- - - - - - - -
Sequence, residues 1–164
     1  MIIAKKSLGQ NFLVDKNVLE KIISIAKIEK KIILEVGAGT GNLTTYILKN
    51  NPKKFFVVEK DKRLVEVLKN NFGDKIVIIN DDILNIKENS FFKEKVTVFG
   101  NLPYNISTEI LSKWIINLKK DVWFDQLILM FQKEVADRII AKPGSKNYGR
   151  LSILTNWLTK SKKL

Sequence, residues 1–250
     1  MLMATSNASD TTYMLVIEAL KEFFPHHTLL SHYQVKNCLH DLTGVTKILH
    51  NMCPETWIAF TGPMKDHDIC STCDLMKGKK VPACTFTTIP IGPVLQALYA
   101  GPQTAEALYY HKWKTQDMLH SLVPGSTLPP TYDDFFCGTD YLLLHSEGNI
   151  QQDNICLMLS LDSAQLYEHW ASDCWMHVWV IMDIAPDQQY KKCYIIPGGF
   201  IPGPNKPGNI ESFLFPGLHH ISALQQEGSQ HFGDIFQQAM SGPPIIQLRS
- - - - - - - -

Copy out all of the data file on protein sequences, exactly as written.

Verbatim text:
Sequence, residues 1–164
     1  MIIAKKSLGQ NFLVDKNVLE KIISIAKIEK KIILEVGAGT GNLTTYILKN
    51  NPKKFFVVEK DKRLVEVLKN NFGDKIVIIN DDILNIKENS FFKEKVTVFG
   101  NLPYNISTEI LSKWIINLKK DVWFDQLILM FQKEVADRII AKPGSKNYGR
   151  LSILTNWLTK SKKL

Sequence, residues 1–250
     1  MLMATSNASD TTYMLVIEAL KEFFPHHTLL SHYQVKNCLH DLTGVTKILH
    51  NMCPETWIAF TGPMKDHDIC STCDLMKGKK VPACTFTTIP IGPVLQALYA
   101  GPQTAEALYY HKWKTQDMLH SLVPGSTLPP TYDDFFCGTD YLLLHSEGNI
   151  QQDNICLMLS LDSAQLYEHW ASDCWMHVWV IMDIAPDQQY KKCYIIPGGF
   201  IPGPNKPGNI ESFLFPGLHH ISALQQEGSQ HFGDIFQQAM SGPPIIQLRS